Opinion | Real world tools from Greek life
As the guys run from frat house to frat house in their khakis and blue blazers and the girls circle around central quad with Longchamps thrown over their shoulder, one thing is for sure: recruitment season is in full swing. With almost one in four Miami University students affiliated with Greek Life, this time of year is stressful, hectic and sometimes emotional for many. Though Greek Life can often be stereotyped and stigmatized, it is an underrated resource that can help those involved prepare for the workforce.
As a sophomore or first-year, you are worried about all the wrong things: What is "top tier?"; "What fraternities/sororities should we hang out with?"; "Who should I take to formal this year?" Sure, these all seem important at the time, but as you inch closer and closer to graduation, different things are on your mind.
This all came to me when I took a business trip to New York City this past fall. I was with my boss and another co-worker. We attended a four-day workshop that taught consulting skills and a lot of other stuff that isn't really relevant. Anyways, being the youngest person in a room of HR executives and professional consultants was very nerve-racking.
There were about 10 round tables in the conference room on the first day. Instinct told me to sit with my co-worker or boss since they were the only people I knew, but that wasn't what I did. Instead, I took a seat next to Tina, director of HR at Northwestern Mutual and JaneÃ©, head of L&D at Grainger. These were two very successful women and I was nervous.
During sorority recruitment you are put in this same situation. The person looking back at you may not be a powerful executive, but you have to make small talk for the next 20 minutes and actually engage in the conversation.
Being a sorority girl and having developed these social skills over time, I can now get to know a stranger in the time it takes to ride the elevator from the lobby to the 33rd floor. A lot of people may find this difficult. Talking to Tina and JaneÃ© was just like talking to Katie M. the kinesiology major from Toledo who lives in Havighurst.
This also translates into exceptional interviewing skills. I have been told many times that a recruiter knows if he/she would consider hiring you within the first 90 seconds of a conversation. This is all based on the way a person dresses, acts and walks through the door. Oftentimes, sorority girls are criticized for being over the top and way too excited for recruitment or other events. But when applied to a job interview, these attributes may come in handy. The tone of voice and attitude of a prospective new-hire are going to make a huge impression.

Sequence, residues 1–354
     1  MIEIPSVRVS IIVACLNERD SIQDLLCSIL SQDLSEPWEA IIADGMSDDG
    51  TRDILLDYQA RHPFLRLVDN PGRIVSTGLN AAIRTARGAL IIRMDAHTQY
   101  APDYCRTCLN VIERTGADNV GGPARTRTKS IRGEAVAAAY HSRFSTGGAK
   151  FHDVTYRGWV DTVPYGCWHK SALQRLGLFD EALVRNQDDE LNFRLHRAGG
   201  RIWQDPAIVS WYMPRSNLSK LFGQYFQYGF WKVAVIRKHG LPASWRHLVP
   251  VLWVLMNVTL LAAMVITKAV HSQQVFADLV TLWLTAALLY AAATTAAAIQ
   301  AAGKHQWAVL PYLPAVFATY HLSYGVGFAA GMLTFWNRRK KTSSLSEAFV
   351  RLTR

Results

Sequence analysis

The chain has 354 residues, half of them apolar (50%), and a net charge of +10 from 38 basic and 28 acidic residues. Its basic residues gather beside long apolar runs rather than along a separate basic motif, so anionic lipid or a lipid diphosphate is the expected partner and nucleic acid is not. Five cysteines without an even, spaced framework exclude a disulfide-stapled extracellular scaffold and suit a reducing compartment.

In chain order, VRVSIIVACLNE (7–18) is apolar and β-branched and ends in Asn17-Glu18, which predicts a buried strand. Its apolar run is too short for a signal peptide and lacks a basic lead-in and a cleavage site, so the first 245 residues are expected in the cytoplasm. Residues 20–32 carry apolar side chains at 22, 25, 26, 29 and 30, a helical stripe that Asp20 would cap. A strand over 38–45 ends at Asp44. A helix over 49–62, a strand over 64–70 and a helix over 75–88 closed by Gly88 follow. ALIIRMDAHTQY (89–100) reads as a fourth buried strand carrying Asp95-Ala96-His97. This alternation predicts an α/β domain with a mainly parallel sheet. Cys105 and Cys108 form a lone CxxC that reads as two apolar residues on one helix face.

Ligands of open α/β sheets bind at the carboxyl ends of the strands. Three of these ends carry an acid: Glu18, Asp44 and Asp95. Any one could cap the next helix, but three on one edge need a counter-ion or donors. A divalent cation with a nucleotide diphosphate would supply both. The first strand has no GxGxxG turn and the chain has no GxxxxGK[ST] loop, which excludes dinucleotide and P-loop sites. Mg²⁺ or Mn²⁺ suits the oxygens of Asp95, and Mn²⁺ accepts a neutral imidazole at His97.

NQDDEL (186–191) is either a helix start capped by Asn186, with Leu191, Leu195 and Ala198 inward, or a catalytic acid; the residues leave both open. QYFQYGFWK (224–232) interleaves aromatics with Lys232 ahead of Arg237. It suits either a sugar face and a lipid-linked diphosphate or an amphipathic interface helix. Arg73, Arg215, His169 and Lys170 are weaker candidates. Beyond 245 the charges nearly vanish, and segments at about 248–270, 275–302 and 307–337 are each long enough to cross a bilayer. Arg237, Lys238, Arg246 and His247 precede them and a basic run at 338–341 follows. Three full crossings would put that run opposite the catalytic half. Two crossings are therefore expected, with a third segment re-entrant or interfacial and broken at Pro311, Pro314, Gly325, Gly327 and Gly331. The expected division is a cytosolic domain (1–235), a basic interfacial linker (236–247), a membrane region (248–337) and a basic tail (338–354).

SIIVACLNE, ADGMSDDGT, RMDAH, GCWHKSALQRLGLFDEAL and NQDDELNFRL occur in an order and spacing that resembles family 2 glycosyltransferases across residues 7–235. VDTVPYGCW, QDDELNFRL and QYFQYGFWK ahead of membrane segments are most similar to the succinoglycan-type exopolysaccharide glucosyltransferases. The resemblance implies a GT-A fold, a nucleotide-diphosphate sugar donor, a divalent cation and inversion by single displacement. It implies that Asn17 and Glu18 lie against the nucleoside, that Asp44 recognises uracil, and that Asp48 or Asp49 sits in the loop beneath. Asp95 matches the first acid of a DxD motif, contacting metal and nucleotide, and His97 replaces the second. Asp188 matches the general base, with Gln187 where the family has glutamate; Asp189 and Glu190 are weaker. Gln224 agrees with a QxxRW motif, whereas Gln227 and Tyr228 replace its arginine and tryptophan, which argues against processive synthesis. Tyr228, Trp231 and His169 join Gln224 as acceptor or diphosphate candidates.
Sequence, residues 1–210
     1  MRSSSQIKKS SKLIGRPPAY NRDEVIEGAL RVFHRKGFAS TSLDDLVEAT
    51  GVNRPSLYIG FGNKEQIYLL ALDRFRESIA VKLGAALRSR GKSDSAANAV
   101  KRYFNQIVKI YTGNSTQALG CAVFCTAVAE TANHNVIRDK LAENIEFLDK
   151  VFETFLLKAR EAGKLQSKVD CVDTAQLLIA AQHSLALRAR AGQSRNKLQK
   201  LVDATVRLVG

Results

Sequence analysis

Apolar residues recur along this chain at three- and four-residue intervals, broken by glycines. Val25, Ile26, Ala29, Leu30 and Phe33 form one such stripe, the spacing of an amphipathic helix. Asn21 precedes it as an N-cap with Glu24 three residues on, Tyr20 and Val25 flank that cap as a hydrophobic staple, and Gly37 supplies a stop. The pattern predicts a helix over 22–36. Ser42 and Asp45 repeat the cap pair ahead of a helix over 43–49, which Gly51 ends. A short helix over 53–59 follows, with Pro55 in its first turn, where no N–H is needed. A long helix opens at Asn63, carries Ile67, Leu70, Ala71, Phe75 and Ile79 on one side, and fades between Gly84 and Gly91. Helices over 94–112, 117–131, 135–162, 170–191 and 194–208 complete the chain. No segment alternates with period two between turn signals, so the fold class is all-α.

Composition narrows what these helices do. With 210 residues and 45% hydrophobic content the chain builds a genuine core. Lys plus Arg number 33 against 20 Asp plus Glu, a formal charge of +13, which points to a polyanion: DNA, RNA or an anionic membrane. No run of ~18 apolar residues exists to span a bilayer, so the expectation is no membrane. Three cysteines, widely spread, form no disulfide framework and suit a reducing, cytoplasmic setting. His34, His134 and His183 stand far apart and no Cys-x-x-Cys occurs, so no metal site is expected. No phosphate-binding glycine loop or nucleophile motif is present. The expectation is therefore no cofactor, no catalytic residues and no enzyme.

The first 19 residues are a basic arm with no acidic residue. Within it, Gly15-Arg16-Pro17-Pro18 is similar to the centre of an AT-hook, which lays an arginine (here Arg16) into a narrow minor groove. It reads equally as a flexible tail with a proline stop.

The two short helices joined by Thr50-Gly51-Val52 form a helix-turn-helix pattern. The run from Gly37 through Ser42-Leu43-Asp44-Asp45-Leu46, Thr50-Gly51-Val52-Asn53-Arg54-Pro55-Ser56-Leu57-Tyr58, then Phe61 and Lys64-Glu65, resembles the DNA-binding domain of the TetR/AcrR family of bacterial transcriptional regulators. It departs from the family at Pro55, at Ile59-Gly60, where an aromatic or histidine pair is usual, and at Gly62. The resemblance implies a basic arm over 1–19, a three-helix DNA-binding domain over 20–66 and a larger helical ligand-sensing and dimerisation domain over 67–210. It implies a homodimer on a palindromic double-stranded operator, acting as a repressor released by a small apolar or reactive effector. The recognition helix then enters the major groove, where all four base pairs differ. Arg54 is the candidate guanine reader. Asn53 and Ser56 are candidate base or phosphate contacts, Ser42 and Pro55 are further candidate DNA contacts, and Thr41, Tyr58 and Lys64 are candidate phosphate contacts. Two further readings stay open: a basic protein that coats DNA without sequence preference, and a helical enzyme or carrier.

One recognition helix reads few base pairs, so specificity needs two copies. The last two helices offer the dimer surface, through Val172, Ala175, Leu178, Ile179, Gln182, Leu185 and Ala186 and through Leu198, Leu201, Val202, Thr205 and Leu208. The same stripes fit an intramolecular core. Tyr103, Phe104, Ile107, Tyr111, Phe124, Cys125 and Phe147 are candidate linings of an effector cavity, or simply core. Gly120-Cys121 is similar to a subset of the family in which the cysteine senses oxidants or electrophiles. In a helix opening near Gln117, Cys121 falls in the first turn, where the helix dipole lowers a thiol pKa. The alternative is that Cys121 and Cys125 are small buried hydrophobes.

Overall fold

Recruitment allows the men and women involved to perfect this "first impression" that we've all been told is so important. If we can shout and cheer at the top of our lungs at 8:30 a.m. after getting two hours of sleep the night before, we can definitely bring energy and eagerness into any workplace.
And lastly, those affiliated with Greek Life are better problem-solvers and are able to get things done and resolve conflict while still remaining cordial and polite. If you are a leader in an organization, you are often called upon to make quick and effective decisions.
But as a leader in a social organization like a sorority or fraternity, there is also the added pressure of making sure the waters remain calm. Essentially, you can't please everyone, but Greek Life teaches you how to be professional without stepping on anyone's toes (and if you do, you know how to mend any hard feelings).
It is easy to be patriarchal, demanding or authoritative, but it is another to get things done effectively while managing to maintain a peaceful work environment. Members of Greek Life learn these skills early on.
This translates into amazing leadership skills. Of the nation's 50 largest corporations, 43 are headed by fraternity or sorority members, which proves that going Greek really is a great decision.
More statistics on Greek Life in the workforce:
- 85 percent of the Fortune 500 key executives are fraternity or sorority members.
- All but two Presidents since 1825 have been fraternity or sorority members.
- 70 percent of the U.S. Presidents' cabinet members since 1900 have been fraternity or sorority members.
- 76 percent of U.S. Senators are fraternity or sorority members.
- Both women appointed to the U.S. Supreme Court were sorority members.
- Over 85 percent of the student leaders on 730 campuses are members of Greek-letter organizations.
- Since 1910, 85 percent of the Supreme Court Justices have been fraternity or sorority members.
- Nationally, 71 percent of all fraternity and sorority members graduate, while only 50 percent of non-members graduate.
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